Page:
Want an inside scoop on companies and their work culture before taking a job?
A new site with a mission to improve the workplace for women could do just that.
Fairygodboss.com lets women anonymously post information about their workplace, including parental leave policies and personal experiences, both positive and negative.
The idea started when Georgene Huang couldn't find certain information about companies during her job search, including maternity leave policy.
"I was two months pregnant at the time, so you can imagine that was a pretty awkward thing to talk about. I hadn't even told my friends, much less was I comfortable sharing with my prospective employers," Huang said Monday on "CBS This Morning."
She collaborated with co-founder and former Dow Jones colleague Romy Newman to create a site that could help better inform women about prospective employers.
"Maternity leave is only a finite amount of time. Would a company be a fair place to work in the future? Do they treat women and men equally? And would I be negatively judged and mommy-trapped?" Huang said.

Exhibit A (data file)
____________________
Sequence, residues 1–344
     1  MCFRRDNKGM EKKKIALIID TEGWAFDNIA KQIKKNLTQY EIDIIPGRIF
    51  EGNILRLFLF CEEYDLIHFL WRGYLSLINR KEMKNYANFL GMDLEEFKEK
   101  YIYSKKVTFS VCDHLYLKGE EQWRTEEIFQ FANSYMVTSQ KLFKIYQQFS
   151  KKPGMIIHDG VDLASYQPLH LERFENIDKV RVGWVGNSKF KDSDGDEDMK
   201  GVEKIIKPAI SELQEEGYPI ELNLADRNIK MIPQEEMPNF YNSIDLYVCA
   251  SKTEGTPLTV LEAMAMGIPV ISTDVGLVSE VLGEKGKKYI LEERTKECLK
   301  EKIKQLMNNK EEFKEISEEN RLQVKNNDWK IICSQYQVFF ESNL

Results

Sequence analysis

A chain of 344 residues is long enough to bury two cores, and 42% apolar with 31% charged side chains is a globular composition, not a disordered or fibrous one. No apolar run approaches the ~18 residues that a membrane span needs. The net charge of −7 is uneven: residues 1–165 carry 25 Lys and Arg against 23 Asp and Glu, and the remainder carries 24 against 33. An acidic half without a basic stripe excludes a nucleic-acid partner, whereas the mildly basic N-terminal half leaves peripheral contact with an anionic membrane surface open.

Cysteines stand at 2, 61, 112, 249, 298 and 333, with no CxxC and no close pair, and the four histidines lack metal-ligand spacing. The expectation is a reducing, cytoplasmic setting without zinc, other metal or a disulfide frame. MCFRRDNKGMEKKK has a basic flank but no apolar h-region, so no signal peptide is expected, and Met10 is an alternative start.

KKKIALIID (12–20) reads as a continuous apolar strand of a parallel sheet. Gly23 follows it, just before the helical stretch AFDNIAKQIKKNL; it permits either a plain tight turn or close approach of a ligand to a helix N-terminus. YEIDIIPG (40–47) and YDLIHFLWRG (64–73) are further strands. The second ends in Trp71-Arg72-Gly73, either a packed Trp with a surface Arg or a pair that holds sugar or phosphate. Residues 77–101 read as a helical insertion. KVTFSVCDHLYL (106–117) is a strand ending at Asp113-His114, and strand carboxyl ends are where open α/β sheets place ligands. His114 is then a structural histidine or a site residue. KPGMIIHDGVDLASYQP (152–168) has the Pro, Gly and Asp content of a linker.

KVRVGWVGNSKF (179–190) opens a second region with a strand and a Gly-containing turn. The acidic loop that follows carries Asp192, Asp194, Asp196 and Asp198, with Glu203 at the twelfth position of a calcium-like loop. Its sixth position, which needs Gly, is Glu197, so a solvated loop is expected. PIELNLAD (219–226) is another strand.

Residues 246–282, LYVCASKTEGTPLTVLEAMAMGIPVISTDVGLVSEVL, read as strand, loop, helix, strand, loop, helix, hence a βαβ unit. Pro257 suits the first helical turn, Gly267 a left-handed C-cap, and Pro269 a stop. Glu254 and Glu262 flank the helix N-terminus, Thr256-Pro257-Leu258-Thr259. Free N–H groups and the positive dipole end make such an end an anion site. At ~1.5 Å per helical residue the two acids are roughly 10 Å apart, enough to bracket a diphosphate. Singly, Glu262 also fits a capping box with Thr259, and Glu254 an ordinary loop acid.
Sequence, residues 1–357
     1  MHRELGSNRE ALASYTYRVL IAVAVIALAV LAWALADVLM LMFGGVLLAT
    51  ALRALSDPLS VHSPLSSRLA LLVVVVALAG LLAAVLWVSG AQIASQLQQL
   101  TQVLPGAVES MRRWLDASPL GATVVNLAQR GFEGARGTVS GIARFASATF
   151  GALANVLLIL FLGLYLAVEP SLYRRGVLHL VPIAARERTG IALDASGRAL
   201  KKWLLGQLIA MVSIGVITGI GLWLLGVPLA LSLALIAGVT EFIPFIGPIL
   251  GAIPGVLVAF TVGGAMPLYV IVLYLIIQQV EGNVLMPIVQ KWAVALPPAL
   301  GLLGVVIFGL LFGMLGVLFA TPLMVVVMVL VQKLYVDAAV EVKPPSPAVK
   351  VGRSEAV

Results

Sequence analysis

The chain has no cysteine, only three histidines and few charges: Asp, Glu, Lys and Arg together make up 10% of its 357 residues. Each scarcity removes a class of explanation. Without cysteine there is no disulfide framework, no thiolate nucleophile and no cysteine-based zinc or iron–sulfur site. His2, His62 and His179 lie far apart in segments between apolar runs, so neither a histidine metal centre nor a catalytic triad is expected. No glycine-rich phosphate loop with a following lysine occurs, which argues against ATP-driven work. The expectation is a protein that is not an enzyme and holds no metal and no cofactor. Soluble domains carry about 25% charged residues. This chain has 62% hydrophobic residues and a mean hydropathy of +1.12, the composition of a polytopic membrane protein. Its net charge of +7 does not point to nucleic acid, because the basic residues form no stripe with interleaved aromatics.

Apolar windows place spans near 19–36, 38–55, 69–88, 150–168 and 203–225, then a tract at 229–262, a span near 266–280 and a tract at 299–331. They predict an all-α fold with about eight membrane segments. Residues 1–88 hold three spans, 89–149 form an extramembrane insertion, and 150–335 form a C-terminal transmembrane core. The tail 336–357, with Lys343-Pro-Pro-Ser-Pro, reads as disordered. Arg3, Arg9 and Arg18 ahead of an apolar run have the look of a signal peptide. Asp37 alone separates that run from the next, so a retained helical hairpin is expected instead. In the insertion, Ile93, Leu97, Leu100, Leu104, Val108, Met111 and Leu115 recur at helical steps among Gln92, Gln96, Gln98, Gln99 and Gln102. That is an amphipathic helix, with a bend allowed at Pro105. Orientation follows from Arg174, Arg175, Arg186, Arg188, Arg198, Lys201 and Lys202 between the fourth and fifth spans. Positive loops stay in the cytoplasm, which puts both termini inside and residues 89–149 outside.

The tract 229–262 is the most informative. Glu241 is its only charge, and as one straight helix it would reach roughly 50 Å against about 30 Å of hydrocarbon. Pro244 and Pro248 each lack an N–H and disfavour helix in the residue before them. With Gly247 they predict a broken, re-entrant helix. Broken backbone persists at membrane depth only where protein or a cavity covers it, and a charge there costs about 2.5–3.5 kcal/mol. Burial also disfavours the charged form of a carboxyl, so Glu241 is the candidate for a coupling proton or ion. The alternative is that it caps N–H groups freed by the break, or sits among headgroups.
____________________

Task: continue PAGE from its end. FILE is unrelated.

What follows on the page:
As more tech companies expand parental leave benefits and leaders including Facebook CEO Mark Zuckerberg announce paternity leave decisions, it's a site that could prove useful for those hesitant to ask about particular benefits.
Fairygodboss found 65 percent of women surveyed said they were uncomfortable asking about maternity benefit details during interviews, and 80 percent join companies without a full understanding of the policies.
"There's a stigma that goes with it," Newman said. "If you're interviewing and you said, 'What's your maternity leave?' The sort of signal you're sending is, 'I'm going to be going on leave soon,' and that's a risky hire."
In order to make sure the information on the site is legitimate, the Fairygodboss team asks the reviewer to sign a terms and condition that attests to the accuracy of their review and every review is scrutinized to "make sure it passes a smell test." The reviewer must also confirm an email address although the site allows the person to remain anonymous.
"We've been very encouraged by how balanced the feedback has been," Huang said. "Because at first we thought this is a review site. This may become an outlet for negativity. But even the women who are unhappy are giving specific reasons as to why."
Huang said creating transparency will help improve the workplace for women.
"Employers also are interested in how they can improve. There are specific actions they can take ... and so we hope that when women share this information, employers listen and make some changes when necessary," Huang said.